loundering businesses, lay-offs and a ACQUISITIONS BY LARGER FRANCHISEES loss of faith in traditional work styles South Africa’s economy wasn’t exactly have had a positive upshot: a growing roaring pre-COVID-19, and several number of people are embracing franchisees were in distress, says Cronje. entrepreneurship with enthusiasm. “The second lockdown hurt many franchisees “A lot of companies are downsizing or who used up their capital to weather the first employees are choosing to leave on their storm. It’s difficult for them to stay afloat, and own terms, so there’s been an uptick in we are seeing a trend where larger, more people looking at new avenues, speaking to successful franchisees are looking to acquire franchisors and wanting to enter the market,” other stores. I think that moving forward we’ll says FNB head of franchising see this at a franchisor Morne Cronje. We’ve always level too.” seen that franchising is a safe Le Roux says they’ve way to enter entrepreneurship definitely noticed such because you’re in business for, a trend. “Many of our but not by, yourself.” franchisees are aware Hot Dog Café general manager of the opportunities Nicollette le Roux says that since within the brand and December 2020 the company are always looking for has noticed an increase in ways to increase their franchisee queries, but with portfolios. This depends little to no follow-through. “We on the franchisee, believe that people know and their financial position appreciate that franchising offers and their vision for Pertunia Sibanyoni the support and know-how one the business.” hopes for when venturing into a new business, but the uncertainty of the times is making them indecisive. Many people want to buy businesses, but the fear of investing hard-earned money prohibits them from taking the next step.” FRANCHISING, FNB

EMBRACING E-COMMERCE COVID-19 or not, our online habits are here to stay, and businesses need to be ready. This has forced many franchises to fast-track ideas that might have been on the backburner, says Franchising Association of South Africa chair Pertunia Sibanyoni. “For example, a number of education and training franchises were forced to operate online over the past year and, while doing so, established alternate online courses that will continue into the future. Real estate franchises have moved to online showings and this opens up different franchise options. Those in the food sector, including some of the big names, are developing ‘dark kitchens’, drive-throughs and delivery services to supplement their main offerings.” Cronje says the restaurant industry is a prime example of this trend. “Before the pandemic, very few restaurants had a comprehensive takeaway offering. Now if a restaurant or fast food establishment is not fully operational on an e-commerce platform, it’s missed the boat.”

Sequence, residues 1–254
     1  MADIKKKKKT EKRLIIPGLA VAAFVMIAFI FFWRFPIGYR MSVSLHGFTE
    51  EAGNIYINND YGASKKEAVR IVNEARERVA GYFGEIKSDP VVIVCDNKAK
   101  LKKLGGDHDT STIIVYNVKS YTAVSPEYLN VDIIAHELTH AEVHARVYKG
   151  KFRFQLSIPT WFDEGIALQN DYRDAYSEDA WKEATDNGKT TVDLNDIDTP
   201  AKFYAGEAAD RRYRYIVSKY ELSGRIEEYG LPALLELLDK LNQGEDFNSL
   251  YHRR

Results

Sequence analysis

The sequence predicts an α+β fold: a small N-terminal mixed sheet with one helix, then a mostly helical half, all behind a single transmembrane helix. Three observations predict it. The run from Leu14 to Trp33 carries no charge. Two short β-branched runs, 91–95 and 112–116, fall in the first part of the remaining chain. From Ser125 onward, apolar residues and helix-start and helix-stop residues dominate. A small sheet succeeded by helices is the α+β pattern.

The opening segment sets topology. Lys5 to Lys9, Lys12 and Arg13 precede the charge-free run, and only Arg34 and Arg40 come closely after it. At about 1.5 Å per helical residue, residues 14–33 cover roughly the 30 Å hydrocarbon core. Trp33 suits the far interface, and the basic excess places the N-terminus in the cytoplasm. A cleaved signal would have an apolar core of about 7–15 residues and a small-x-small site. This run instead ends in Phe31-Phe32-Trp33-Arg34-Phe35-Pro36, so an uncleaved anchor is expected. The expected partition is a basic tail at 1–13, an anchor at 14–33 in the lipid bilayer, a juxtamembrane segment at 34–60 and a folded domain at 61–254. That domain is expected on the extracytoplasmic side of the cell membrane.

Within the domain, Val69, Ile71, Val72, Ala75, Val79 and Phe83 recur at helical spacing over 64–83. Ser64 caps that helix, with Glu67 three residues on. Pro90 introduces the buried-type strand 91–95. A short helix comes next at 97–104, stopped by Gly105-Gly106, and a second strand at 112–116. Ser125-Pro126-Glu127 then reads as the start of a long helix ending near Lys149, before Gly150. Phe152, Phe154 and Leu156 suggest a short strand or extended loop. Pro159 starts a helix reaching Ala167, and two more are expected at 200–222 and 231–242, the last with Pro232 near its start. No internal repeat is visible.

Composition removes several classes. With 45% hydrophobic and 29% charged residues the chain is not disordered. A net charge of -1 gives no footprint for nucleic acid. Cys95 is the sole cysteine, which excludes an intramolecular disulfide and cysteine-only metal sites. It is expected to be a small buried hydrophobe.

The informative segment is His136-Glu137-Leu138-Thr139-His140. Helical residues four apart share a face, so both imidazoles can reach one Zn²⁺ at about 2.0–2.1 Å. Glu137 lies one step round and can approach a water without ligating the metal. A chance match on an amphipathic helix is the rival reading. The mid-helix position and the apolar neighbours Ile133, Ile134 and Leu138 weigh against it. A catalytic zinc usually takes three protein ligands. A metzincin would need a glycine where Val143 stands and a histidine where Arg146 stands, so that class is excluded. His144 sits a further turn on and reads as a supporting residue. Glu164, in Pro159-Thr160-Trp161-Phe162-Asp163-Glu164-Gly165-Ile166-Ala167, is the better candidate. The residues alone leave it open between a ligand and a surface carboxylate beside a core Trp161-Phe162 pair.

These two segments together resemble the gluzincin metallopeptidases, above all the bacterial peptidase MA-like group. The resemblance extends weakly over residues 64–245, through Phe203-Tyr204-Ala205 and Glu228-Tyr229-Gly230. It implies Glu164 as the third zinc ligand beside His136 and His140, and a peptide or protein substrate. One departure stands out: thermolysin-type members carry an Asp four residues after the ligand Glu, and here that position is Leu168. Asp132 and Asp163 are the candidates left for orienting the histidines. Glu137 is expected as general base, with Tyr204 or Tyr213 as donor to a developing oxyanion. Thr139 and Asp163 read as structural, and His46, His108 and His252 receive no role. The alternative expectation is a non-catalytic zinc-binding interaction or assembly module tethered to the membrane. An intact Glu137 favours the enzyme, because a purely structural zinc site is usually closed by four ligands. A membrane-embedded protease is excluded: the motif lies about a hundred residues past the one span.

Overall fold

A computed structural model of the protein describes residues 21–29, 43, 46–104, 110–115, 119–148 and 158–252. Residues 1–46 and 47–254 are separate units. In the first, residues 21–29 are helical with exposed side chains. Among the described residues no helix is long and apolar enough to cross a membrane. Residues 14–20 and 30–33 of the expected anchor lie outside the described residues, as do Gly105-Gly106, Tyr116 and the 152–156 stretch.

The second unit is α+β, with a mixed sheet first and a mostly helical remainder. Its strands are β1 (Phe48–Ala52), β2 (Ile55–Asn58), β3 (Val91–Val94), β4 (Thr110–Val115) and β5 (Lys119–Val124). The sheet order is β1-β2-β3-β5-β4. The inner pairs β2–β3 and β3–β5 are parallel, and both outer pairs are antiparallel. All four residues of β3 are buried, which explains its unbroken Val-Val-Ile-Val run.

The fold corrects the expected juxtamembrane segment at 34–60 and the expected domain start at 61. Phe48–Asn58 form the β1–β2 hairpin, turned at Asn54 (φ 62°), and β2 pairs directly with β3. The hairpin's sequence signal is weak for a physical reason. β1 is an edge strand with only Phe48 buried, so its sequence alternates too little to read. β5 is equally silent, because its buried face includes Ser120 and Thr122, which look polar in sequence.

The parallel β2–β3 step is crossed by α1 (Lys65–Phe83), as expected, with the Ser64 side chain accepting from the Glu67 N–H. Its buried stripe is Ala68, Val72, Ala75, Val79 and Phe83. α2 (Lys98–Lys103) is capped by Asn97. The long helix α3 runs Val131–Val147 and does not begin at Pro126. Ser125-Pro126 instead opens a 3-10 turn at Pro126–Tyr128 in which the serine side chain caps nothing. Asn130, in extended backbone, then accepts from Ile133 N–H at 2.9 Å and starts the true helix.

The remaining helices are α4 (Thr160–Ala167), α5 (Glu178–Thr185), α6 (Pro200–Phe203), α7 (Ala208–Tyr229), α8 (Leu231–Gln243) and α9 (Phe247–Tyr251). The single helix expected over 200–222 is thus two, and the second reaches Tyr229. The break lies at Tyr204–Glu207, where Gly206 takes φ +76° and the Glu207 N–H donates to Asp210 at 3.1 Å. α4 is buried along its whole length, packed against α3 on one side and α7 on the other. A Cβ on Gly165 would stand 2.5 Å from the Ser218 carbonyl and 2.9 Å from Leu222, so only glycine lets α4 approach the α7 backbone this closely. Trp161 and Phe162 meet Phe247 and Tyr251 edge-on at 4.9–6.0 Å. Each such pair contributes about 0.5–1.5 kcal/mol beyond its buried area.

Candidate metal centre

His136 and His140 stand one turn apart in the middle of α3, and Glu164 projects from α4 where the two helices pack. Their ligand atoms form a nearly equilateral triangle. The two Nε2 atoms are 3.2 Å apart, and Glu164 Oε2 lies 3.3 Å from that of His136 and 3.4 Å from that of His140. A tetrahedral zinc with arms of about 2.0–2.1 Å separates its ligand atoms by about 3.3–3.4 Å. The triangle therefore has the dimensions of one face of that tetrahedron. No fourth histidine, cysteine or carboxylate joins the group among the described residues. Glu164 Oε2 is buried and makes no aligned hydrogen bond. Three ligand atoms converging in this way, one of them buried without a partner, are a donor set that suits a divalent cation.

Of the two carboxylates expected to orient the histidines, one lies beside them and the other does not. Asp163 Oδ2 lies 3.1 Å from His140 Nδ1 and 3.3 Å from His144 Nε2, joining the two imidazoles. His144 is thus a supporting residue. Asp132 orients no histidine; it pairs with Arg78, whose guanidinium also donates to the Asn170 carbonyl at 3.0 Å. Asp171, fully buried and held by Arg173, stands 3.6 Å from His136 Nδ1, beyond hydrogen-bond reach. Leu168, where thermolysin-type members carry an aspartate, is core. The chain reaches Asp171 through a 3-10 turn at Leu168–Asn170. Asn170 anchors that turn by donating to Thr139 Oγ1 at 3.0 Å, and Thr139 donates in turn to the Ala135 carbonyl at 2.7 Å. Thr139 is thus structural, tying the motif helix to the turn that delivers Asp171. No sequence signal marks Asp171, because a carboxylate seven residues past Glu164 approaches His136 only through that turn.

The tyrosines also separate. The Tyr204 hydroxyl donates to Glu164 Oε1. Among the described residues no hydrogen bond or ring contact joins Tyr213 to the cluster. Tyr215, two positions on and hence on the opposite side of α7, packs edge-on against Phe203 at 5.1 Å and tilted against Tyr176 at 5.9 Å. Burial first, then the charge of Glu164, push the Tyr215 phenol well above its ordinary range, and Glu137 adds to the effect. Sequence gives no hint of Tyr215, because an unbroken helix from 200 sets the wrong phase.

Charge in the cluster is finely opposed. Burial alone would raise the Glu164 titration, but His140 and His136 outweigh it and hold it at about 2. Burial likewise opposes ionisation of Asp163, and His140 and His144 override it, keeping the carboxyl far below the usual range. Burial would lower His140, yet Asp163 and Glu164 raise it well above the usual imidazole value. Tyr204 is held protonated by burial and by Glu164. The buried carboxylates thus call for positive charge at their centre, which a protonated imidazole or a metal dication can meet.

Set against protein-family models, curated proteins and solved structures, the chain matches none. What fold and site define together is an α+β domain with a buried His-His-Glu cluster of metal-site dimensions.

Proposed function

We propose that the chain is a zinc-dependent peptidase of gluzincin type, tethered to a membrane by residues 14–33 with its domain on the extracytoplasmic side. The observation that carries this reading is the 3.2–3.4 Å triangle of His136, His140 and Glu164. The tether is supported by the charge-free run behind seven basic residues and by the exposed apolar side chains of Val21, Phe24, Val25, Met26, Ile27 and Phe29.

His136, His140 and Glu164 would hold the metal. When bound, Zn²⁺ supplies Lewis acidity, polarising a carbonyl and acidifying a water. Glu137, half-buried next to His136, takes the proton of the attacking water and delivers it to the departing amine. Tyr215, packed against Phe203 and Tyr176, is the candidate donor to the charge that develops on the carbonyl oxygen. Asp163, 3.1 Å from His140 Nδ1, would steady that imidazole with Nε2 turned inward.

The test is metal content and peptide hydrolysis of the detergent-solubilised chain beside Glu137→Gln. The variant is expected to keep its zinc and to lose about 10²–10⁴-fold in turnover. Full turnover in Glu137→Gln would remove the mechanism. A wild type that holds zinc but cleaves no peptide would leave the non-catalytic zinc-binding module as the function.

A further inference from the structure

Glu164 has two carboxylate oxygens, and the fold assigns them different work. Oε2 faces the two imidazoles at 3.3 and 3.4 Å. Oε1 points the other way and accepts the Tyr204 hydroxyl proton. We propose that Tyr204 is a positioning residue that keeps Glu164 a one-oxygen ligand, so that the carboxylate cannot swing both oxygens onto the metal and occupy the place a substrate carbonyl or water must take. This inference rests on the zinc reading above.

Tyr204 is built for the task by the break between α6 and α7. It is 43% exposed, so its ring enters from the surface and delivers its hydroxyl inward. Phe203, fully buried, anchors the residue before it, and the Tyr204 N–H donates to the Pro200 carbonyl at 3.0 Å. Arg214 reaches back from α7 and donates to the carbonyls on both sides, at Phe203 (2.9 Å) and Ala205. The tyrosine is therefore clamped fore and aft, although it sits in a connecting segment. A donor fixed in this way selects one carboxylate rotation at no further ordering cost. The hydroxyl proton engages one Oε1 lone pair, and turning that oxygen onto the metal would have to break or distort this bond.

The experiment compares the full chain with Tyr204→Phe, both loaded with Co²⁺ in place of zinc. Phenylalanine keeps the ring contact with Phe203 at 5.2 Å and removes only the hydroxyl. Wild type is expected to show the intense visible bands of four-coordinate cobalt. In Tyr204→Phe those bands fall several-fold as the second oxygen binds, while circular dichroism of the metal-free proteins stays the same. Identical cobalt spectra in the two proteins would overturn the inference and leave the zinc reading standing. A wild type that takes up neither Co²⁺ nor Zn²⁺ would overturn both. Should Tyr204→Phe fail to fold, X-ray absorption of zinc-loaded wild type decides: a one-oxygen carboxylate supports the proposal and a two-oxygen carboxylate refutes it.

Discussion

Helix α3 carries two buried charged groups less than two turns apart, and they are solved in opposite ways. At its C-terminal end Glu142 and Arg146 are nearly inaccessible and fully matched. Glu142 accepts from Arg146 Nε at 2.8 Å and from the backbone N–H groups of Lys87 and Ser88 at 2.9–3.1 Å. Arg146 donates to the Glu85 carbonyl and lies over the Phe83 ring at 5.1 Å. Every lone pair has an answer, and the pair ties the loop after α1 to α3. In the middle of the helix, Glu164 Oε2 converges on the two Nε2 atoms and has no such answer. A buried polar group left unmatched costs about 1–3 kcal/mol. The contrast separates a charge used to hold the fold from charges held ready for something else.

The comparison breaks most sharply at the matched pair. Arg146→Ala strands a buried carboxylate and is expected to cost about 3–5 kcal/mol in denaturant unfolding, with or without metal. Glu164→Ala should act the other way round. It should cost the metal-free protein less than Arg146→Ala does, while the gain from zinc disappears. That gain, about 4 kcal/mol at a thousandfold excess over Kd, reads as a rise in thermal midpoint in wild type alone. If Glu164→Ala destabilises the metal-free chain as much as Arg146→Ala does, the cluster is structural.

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Aneez Amod, MD of Jimmy’s Killer Express, says businesses need to take advantage of delivery service providers such as Mr D Food, Uber Eats and the like that already have the necessary vendor- and user-friendly apps. “Creating one’s own app is not feasible for fast food franchise outlets, so making use of established service providers works out well.”

Amod says fast food franchises should direct more of their marketing activities at getting potential customers to make use of online ordering systems or call-and-collect services. “It is key to find new ways of distributing your product to the customer,” says Kauai franchise executive Guy le Ray-Cook. “Convenient access to your brand coupled with credibility or brand trust should mean you can keep your brand front of mind for your customer base, if you get the delivery channel and product extension right.”